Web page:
University Researcher Özlem Çelik has published a new article in Housing Studies entitled “The roles of the state in the financialisation of housing in Turkey,” The article is open access and can be read here.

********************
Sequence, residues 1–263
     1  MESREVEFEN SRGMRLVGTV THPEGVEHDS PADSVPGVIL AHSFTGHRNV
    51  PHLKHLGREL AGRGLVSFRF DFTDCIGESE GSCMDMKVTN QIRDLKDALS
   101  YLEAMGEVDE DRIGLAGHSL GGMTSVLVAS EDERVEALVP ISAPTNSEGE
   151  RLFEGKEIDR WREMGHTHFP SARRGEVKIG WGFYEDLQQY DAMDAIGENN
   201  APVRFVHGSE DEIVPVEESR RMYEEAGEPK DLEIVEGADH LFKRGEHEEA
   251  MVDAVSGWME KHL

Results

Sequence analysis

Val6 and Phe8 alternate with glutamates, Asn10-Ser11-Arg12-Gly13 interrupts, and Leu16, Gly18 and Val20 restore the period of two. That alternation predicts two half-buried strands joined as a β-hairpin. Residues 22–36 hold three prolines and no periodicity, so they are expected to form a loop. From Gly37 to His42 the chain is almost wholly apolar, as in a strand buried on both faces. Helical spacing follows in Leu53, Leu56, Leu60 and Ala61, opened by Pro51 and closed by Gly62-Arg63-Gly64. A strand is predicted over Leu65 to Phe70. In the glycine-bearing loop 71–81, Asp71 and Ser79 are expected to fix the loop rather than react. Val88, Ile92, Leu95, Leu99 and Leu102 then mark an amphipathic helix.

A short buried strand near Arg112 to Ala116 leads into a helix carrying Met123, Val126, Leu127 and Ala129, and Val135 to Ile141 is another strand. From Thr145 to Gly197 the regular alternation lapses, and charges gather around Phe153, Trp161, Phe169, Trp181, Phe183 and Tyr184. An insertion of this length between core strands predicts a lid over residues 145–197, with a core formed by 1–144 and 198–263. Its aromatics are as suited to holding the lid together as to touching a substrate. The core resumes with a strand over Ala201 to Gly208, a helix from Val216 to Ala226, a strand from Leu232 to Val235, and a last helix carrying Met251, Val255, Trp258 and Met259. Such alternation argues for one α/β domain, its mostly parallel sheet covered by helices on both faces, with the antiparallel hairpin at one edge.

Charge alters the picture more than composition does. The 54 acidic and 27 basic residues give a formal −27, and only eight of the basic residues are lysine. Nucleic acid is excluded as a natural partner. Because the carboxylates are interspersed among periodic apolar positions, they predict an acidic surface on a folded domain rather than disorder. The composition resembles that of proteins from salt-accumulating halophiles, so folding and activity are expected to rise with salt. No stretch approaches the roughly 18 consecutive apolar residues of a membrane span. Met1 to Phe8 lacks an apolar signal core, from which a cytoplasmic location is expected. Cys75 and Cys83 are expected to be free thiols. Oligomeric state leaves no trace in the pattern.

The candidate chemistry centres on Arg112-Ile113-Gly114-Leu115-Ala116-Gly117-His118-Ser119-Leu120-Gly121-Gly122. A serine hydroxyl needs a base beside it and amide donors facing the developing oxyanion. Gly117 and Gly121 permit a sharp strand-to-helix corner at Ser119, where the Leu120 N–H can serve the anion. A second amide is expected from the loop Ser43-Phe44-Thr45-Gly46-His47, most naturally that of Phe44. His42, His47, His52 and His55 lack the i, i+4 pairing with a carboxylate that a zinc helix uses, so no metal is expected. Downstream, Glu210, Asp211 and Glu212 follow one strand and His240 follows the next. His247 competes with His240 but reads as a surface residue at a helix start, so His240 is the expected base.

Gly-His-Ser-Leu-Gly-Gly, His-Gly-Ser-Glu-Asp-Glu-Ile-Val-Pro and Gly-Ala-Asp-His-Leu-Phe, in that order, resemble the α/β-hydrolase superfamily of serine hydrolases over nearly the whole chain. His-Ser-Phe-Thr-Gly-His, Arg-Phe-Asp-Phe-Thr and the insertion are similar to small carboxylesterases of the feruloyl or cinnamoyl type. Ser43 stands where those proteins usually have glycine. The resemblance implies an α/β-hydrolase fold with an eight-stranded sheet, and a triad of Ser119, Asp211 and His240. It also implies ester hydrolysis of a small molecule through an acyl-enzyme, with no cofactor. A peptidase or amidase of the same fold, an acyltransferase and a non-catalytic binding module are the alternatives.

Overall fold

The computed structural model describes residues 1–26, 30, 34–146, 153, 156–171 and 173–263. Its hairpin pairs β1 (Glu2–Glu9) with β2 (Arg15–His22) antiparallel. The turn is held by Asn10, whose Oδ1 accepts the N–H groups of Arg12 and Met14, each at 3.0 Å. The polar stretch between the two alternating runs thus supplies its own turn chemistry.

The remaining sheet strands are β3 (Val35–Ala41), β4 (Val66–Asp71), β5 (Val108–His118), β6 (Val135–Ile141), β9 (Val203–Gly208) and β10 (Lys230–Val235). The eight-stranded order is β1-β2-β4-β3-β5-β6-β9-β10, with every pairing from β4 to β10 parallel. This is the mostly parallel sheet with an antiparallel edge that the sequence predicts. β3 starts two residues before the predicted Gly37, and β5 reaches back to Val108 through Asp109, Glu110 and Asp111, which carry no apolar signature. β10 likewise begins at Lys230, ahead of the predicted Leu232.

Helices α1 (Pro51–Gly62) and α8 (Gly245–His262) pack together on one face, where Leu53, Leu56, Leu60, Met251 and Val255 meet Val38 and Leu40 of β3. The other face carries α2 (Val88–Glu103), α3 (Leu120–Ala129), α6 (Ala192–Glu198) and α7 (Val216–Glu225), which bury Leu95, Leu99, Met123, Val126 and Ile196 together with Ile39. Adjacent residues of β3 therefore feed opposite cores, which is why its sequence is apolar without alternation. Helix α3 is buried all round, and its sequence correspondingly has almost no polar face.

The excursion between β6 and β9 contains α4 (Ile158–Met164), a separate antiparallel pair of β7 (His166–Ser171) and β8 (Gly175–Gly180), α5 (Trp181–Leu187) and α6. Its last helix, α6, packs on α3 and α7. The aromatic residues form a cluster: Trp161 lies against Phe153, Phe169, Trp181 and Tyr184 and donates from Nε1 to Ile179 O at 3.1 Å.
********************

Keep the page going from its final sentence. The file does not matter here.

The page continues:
What is the relationship between the state and housing financialisation? Much of the literature describes the state playing a role to promote the regulatory, legislative, and financial conditions needed to allow global financial capital to penetrate land and property markets. I build on these arguments to develop in what ways the state is playing an active role in housing financialisation in Turkey. I suggest that the Turkish national state has deliberately, actively, and forcefully pursued housing financialisation by (i) introducing new legislation; (ii) creating financial frameworks to encourage speculation by domestic and international capital on land and housing as assets (iii) enclosing public land and exploiting informal types of tenure; (iv) assetising land and housing by developing revenue-sharing urban regeneration projects; and (v) using coercive legal and penal force to criminalise informal development, and to quell resistance to state-led regeneration. My conclusions add weight to Christophers’ contention that the role of the state needs to be reconceptualised to capture its direct involvement in housing financialisation.